Fire Ban in Desert Parks and Preserves Starts May 1https://www.phoenix.gov/newsroom/parks-and-recreation/3078Parks and Recreation4/19/2024 9:00:00 PMhttps://www.phoenix.gov/newssite/Lists/NewsArticle/Attachments/3078/Phoenix-Mountain-Preserve.jpgFire Ban in Desert Parks and Preserves Starts May 1<div class="ExternalClass707B3004499A4E278C1DBC87932404E8"><html> <p>The Phoenix Parks and Recreation Department will put into effect its annual ban of open fires in the City's desert parks and mountain preserves starting Wednesday, May 1, 2024. The Maricopa County Parks and Recreation Department's annual fire ban goes into effect the same day .</p><p>In consultation with the Phoenix Fire Department, smoking and charcoal fires are included in the ban due to the extreme fire danger that the combination of low humidity, increased temperatures, excessive dry vegetation, and frequent high winds create each spring.</p><p>The ban applies to <strong>Camelback Mountain, Deem Hills Recreation Area, Lookout Mountain, Papago Park, Phoenix Mountains Park and Recreation Area, Phoenix Mountains Preserve, Phoenix Sonoran Preserve, North Mountain Park, Rio Salado Habitat Restoration Area, and South Mountain Park/Preserve.</strong></p><p>The ban does not apply to the City's flatland parks.</p><p>For those using the City's desert parks and preserve land, the fire ban stipulates the following:</p><p>·       Open wood and charcoal fires are prohibited</p><p>·       Propane or gas grills may be used, but only in established picnic areas<br></p><p><strong>The following activities continue to be prohibited year-round:</strong></p><ul style="" class="" dir=""><li>Smoking outside enclosed vehicles </li><li>Fireworks</li></ul><p>Motorists traveling through or near Phoenix's desert parks and mountain preserves should use extreme care with smoking materials and dispose of those only in their vehicle's ash tray.</p><p>To protect their homes, residents whose property borders the City's preserve land may remove dry shrubs, brush and grasses, and trim dead branches from trees within the 10-foot strip of land that borders their property. By creating this 10-foot "buffer zone" residents can help to protect their homes from potential brush fires in the adjacent preserve land.</p><p>Preserve neighbors also should check irrigation lines and pool back-flush hoses to ensure that water is not seeping into the preserve. Outside water sources encourage unnaturally dense vegetation growth, which increases fire risk.<br></p> </html></div>https://www.phoenix.gov/parksNews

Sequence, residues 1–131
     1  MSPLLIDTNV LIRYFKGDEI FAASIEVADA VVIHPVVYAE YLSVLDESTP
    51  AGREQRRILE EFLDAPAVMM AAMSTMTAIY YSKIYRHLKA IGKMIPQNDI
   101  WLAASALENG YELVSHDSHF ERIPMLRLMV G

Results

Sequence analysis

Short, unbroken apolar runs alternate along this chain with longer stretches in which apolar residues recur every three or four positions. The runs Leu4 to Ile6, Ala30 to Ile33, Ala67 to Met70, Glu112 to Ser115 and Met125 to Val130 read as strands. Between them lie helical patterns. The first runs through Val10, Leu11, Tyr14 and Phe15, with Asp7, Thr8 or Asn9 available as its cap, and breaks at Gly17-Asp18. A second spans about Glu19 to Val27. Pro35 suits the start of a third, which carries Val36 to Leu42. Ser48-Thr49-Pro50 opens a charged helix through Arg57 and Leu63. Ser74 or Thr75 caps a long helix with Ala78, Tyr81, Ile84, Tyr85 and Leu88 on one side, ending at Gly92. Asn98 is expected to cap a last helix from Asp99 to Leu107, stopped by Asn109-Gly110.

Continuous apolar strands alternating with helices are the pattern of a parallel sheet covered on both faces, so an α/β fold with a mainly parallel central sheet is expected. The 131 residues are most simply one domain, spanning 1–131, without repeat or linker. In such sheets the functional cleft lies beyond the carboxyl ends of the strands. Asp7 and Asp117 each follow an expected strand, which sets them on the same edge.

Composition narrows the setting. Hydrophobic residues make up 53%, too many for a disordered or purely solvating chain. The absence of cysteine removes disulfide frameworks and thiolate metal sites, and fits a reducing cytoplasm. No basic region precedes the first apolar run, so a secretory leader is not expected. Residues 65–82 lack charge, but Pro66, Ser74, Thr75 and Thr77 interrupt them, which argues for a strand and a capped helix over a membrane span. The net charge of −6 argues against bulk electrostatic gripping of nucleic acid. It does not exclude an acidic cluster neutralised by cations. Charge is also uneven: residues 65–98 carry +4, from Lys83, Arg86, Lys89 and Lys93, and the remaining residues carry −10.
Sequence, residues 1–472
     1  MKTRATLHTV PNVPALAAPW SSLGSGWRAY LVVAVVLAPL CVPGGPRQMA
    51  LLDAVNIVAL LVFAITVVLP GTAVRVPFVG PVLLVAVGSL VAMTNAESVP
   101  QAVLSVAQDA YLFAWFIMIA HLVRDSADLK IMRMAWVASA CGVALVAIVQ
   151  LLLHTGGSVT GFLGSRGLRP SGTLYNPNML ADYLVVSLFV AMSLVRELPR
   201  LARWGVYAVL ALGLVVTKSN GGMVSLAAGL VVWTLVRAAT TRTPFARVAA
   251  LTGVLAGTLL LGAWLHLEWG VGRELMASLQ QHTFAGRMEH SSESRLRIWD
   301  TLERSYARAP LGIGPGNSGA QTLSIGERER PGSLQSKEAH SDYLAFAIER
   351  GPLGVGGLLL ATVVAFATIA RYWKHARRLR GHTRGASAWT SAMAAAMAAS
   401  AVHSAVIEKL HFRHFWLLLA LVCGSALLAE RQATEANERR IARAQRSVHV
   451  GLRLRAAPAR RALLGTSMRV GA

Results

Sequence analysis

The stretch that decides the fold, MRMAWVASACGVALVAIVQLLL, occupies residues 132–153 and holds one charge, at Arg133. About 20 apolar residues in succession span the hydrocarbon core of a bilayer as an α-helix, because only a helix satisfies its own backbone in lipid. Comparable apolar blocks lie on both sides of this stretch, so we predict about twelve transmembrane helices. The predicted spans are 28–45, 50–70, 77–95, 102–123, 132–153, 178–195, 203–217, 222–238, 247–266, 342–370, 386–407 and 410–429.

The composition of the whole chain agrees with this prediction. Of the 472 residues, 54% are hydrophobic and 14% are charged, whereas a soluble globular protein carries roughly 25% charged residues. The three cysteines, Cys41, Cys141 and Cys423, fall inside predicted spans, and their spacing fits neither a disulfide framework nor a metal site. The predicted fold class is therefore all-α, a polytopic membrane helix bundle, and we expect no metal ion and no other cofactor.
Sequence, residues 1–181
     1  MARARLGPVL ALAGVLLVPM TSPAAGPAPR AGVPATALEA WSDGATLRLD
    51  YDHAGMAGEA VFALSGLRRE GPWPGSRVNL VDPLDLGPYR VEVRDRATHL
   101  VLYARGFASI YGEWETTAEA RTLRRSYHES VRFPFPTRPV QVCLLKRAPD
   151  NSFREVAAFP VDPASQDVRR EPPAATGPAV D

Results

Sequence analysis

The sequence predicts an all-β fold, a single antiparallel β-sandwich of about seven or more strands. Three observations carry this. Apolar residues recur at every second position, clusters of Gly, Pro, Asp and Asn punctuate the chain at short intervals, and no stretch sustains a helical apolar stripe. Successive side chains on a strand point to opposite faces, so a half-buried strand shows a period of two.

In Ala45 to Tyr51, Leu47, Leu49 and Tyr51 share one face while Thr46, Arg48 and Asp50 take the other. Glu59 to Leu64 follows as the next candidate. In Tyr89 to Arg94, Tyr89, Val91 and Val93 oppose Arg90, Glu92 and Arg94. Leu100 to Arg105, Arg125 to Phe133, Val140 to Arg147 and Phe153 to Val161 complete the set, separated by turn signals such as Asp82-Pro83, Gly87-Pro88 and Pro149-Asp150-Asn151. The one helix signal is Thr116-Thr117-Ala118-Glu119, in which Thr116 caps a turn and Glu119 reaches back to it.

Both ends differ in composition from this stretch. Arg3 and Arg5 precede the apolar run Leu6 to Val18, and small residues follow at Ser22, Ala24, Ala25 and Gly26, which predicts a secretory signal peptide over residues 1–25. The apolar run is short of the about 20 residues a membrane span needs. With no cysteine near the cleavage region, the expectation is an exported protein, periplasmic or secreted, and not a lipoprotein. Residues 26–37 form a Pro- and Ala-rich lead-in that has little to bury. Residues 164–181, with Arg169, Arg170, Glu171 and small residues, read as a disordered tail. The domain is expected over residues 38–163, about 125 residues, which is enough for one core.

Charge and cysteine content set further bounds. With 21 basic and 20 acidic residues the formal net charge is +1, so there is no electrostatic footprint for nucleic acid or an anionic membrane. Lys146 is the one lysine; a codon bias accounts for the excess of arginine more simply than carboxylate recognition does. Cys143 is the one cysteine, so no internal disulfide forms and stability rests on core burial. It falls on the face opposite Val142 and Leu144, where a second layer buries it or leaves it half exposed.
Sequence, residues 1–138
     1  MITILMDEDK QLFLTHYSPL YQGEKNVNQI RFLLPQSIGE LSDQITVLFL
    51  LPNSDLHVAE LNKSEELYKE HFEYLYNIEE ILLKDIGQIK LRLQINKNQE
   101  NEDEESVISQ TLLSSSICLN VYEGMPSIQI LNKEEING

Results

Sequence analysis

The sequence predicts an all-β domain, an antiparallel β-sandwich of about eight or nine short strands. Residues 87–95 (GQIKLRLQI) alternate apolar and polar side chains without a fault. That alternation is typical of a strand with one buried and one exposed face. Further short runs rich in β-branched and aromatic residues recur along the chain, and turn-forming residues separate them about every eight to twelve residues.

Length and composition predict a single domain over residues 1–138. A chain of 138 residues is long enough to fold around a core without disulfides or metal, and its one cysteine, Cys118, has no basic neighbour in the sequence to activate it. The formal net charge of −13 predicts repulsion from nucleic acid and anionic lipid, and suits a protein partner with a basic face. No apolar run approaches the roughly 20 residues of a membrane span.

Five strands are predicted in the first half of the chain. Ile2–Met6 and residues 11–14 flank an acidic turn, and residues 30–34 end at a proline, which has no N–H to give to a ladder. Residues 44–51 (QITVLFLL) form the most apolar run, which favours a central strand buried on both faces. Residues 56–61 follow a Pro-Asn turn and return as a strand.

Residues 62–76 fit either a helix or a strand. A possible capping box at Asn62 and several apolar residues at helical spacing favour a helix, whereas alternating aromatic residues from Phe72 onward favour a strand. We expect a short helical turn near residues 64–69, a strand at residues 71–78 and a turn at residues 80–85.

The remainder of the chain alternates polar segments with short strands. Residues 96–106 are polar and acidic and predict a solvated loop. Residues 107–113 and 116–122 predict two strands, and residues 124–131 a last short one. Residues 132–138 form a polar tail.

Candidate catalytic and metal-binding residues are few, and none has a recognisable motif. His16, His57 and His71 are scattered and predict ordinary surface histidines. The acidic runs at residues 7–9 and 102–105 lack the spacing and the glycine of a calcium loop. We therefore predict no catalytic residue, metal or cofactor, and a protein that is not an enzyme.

​City Exhibit Takes Aim at Sexual Assault Victim “Shaming” and “Blaming”https://www.phoenix.gov/newsroom/human-services/3079Human Services4/19/2024 4:30:00 PMhttps://www.phoenix.gov/newssite/Lists/NewsArticle/Attachments/3079/library.jpg​City Exhibit Takes Aim at Sexual Assault Victim “Shaming” and “Blaming”<div class="ExternalClass42B88EECDE6A4A67B3CBCE0CA2D77D7B"><html> <p>​The City of Phoenix's Strategic Initiatives team invites you to visit a powerful exhibit to raise awareness about sexual assault as part of April's “Let's Talk Teal Campaign." April is Sexual Assault Awareness Month, and the city provides resources and awareness events all month.</p> <p>The exhibit titled “What were you wearing?" draws attention to the “rape culture," where questions and statements like these are common, and put the blame on the victim. Victim shaming and blaming discourages victims from coming forward to report the crime and seek help. The display features the stories of several survivors and a representation of the clothes they were wearing when they were assaulted. </p> <p>The exhibit is on display at Burton Barr Library on the 2nd floor through April 24th.</p> <p>The <a target="_blank" href="/humanservices/programs/strategicinitiatives">City of Phoenix's Strategic Initiatives</a> section collaborates with community partners to combat domestic violence, sexual assault, unhealthy youth relationships, human trafficking, and to end the HIV/AIDS epidemic. We achieve this mission through prevention, training, community awareness, and enhancing services for the overall well-being of those we serve.​<br></p> <p> <br> </p> </html></div>https://www.phoenix.gov/humanservicesNews